Taiwan media shake-up gets its wires crossed

The axing of the information service agency has left non-local media dependent on poor service from the ministries that have taken over

PUBLISHED : Wednesday, 13 February, 2013, 12:00am
UPDATED : Wednesday, 13 February, 2013, 5:42am

Taiwan's Government Information Office (GIO), formerly the island's top publicity organ, faded into history nine months ago along with its widely praised media services function, which the diplomatically isolated island used to raise its profile.

After operating for 65 years, the GIO was abolished on May 20, the day Taiwanese president Ma Ying-jeou began his second four-year term. It was axed as part of a restructuring project aimed at streamlining government departments, reducing duplication and saving money. Its three major functions were handed over to other government departments, with international publicity matters going to the foreign ministry, domestic publicity issues going to the cabinet's information department, and responsibility for its film and publications business going to the culture ministry.

But since the GIO was closed, those bodies have struggled to take care of some of its functions, with media services for non-local news outlets inferior to those provided by the GIO.

"Cutting the GIO only makes things even worse - Chaos No 1: foreign media outlets now become orphans," a headline in the Taipei-based United Evening News read on November 17. The article listed the growing complaints by non-local journalists about inadequate liaison from the foreign ministry's international information department.

Cutting the GIO only makes things even worse - Chaos No 1: foreign media outlets now become orphans

One example it quoted was a visit to Pengjia Islet, near the disputed Diaoyu Islands in the East China Sea, on September 7. Ma had hoped the trip would draw international attention to Taiwan's sovereignty claim to the Diaoyus, offer a way to ease tensions in the region, and lead to joint exploration for oil and fishery resources - something he called the East China Sea Peace Initiative. Tensions between Japan and the mainland, which also claim the Diaoyus, have been on the rise.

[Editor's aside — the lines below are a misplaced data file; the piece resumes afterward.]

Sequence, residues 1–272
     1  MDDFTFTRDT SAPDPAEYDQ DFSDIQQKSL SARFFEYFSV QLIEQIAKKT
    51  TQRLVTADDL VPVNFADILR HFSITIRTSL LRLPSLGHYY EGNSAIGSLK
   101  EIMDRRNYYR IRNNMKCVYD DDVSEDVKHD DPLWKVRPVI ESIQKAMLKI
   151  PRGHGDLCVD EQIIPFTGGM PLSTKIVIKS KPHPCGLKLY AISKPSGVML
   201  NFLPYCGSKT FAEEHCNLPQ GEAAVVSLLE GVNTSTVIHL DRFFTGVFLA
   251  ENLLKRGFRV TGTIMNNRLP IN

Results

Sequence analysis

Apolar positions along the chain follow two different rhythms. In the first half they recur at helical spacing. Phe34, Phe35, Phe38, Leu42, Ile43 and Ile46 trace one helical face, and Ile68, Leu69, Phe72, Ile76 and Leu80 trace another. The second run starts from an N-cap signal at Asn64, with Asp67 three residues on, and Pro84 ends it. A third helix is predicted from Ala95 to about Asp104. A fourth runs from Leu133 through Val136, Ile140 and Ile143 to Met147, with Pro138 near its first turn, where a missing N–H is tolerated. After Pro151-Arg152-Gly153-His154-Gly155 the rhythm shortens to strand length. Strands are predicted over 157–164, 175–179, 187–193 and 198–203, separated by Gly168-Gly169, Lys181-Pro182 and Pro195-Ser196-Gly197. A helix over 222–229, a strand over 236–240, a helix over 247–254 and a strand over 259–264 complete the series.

The trip would have brought good international publicity for Taiwan were it not for the lack of liaison between the foreign ministry and non-local media. Because of the short notice, journalists from many non-local media outlets stationed in Taiwan were unable to make it to the trip, the paper reported.

The South China Morning Post received a call from the department, inviting it to cover the excursion, less than 30 minutes before the vessel heading to Pengjia was to leave Keelung, about a 30-minute drive from Taipei. It made on-the-spot coverage impossible.

The department later explained that it had received a last-minute notice from the Presidential Office to invite non-local media to cover the trip.

Another target of criticism was the confusion over the classification of media outlets. The GIO had dealt with all media outlets - foreign, overseas (including Hong Kong, Macau and the mainland) and local - but after it was axed, services for foreign media were handled by the foreign ministry, those for the mainland went to the culture ministry and the cabinet's information department took care of local media.

Hong Kong and Macau media outlets became orphans - not classified as foreign media by the foreign ministry or mainland media by the culture ministry.

Only recently was the culture ministry finally charged with dealing with Hong Kong and Macau media outlets, with one culture ministry official telling the South China Morning Post that media services would soon be available for Hong Kong and Macau media.

However, being placed in the same category as the mainland media deprives Hong Kong and Macau outlets of the chance to cover military exercises up close. It also reflects discrepancy in the island's "freedom of the press", which appears to be selective.

I had to protest to the defence ministry over its barring of Hong Kong and Macau media from a reporting trip to the former defensive outpost of Matsu arranged by the foreign ministry's international information department in June. One defence ministry official said that although the two sides had improved relations in the past five years, the mainland technically remained an enemy of Taiwan and Hong Kong and Macau were both mainland territories, even though Taiwan's Mainland Affairs Council had defined the two territories as the Hong Kong and Macau areas in order to differentiate them from the mainland. The protest resulted in the department cancelling the trip.

"Things like this would have never happened if GIO still existed," a former GIO official said, adding that it had been experienced in arranging such trips for local and non-local media.

Known for 40 years for its control of the local media and for censoring anything deemed inappropriate by the authorities, the GIO had nevertheless become a friend of the media in its last 25 years. Its successors have a lot of ground to make up.